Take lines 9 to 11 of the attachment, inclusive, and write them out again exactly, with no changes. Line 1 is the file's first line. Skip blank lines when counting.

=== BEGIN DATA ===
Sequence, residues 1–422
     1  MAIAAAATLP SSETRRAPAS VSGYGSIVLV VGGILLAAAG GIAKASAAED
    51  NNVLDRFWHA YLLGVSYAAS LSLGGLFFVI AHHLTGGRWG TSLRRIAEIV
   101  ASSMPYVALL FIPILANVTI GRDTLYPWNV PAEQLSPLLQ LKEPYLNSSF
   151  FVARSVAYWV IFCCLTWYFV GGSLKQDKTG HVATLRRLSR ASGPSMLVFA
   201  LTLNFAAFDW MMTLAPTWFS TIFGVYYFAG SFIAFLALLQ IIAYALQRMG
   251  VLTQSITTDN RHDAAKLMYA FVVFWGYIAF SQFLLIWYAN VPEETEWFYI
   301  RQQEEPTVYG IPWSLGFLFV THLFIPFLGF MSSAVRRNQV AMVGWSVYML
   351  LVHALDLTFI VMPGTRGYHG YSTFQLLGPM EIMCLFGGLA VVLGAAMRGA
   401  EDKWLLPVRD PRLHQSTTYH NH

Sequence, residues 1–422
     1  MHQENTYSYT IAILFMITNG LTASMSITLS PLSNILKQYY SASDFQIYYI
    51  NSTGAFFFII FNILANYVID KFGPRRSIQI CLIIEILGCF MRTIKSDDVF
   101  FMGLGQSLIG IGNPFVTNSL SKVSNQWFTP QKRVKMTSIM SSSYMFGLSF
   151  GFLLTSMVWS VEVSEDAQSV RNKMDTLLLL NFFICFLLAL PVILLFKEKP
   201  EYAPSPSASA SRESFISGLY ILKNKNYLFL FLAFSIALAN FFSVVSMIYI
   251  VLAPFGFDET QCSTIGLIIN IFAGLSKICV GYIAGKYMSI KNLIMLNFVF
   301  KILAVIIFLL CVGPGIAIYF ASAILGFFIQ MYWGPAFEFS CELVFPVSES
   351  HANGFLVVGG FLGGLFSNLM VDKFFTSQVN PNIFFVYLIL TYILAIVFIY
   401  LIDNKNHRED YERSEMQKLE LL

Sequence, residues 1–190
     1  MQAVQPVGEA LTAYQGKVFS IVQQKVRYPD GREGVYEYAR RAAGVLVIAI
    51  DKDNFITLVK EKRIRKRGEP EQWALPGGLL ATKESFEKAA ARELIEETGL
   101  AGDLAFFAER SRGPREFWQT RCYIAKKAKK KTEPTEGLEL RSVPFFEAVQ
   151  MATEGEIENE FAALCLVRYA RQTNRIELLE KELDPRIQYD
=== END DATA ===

   351  LVHALDLTFI VMPGTRGYHG YSTFQLLGPM EIMCLFGGLA VVLGAAMRGA
   401  EDKWLLPVRD PRLHQSTTYH NH

Sequence, residues 1–422